Wednesday 16 March 2022

Memory Is My Homeland at Rathfarnham Castle room 3: The Dining Room

 The third room of my exhibition at Rathfarnham Castle is accessed by walking across the back of The Saloon from The Pistol Loop Room and entering through the curved door. To see works related to this exhibition and in-progress, simply do a search for Memory Is My Homeland on this blog.

While it is furthest from the door that one has just entered, Kingswood is the largest piece in this room and being so colourful one tends to walk over to it first. 

This is my representation of the house in Toronto that I grew up in, the three figures representing moments of my life: a young child stands on the front lawn by the hedge on her Communion Day, wearing the purple cape that her mother made for this occasion, a young teen reading and tanning on the steps (every summer for several years) and the young woman in her early 20s leaving home to start her life as an artist and writer. The house had much flora in the front yard, back yard and side garden. One of the lilac trees in the back yard was hit by lightning when I was a child so there was a stump that didn't flower, but the other side of the tree remained healthy. I didn't put everything in the picture but as much as I could... 

Moving away from the big picture, on a false wall of its own is Home. Although this piece is much earlier than the others (it was created in 2009) and began as part of another series of works, I thought it belonged with these works. The little icon is based on a drawing my child did, of my current home in Bray, when my child was about 6 years old.

Turning away from Kingswood and Home, one is attracted by the bay windows and the plasterwork on the ceiling. There are two false walls in niches to either side of the bay windows and these contain the last pieces in the exhibition.

The House with the Red Door and The House with the Green Door are representations of the earliest homes of my life, in Cabbagetown, in Toronto's inner city. I actually remember a few things related to each house but mostly I differentiate them by the colour of their door. We moved from the former to the latter when I was 2 years old and my family moved from the latter when I was 4. The print Swing Chain, in the Pistol Loop Room, specifically relates to the low chain fencing separating the front lawn of The House with the Red Door from the footpath. I had remembered swinging on a chain fence as a toddler and thought this was a false and impossible memory until one day, as an adult, I passed this terrace of city housing while on the streetcar in Toronto and saw the low chain fences as they appeared in my memory! Cabbagetown got its name because in the late 1950s and early 1960s there was a huge wave of Irish immigrants who ended up living in this area (my parents and siblings among them).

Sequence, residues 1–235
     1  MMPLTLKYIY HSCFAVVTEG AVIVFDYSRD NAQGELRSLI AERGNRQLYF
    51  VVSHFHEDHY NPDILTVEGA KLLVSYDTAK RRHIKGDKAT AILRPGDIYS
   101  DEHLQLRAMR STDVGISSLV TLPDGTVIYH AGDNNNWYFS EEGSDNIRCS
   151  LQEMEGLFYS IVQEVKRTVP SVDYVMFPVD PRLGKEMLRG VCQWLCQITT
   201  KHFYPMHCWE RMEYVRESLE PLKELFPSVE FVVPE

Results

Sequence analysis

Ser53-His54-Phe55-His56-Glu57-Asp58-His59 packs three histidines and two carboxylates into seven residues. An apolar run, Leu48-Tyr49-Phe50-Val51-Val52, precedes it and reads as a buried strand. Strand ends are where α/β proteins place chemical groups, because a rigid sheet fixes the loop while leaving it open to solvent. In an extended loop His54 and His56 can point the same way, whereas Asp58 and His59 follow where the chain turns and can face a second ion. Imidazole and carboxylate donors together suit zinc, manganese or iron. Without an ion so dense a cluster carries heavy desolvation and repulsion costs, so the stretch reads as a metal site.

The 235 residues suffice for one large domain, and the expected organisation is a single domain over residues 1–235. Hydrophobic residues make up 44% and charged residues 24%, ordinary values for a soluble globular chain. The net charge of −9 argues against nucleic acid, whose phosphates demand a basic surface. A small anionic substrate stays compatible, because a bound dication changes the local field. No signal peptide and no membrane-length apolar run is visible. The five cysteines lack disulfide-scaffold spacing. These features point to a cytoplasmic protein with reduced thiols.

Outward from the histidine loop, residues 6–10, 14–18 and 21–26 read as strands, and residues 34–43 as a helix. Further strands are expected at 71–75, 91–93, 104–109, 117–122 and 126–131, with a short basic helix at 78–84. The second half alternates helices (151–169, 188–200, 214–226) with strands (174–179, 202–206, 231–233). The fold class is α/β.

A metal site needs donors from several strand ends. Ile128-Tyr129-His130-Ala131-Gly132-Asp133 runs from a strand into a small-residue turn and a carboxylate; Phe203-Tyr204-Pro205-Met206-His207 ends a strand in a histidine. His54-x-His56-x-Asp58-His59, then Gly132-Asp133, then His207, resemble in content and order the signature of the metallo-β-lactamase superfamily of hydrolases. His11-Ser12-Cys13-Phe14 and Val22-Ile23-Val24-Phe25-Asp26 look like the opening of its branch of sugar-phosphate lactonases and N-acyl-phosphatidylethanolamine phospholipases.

The final piece in the show, Kingston Road: Waiting, is a representation of me in my twenties at my bachelor apartment in the upper beaches area of Toronto (West Scarborough), where I lived for several years. The curtains behind me are actual sheers that I had painted for an installation about HOME that I worked on while completing on my BFA at York University. I was, of course, waiting for my career and life to really begin. A few years after finishing uni, I moved to Ireland, where I had my first solo exhibition in Dublin at Temple Bar Gallery & Studios in the spring of 1989.

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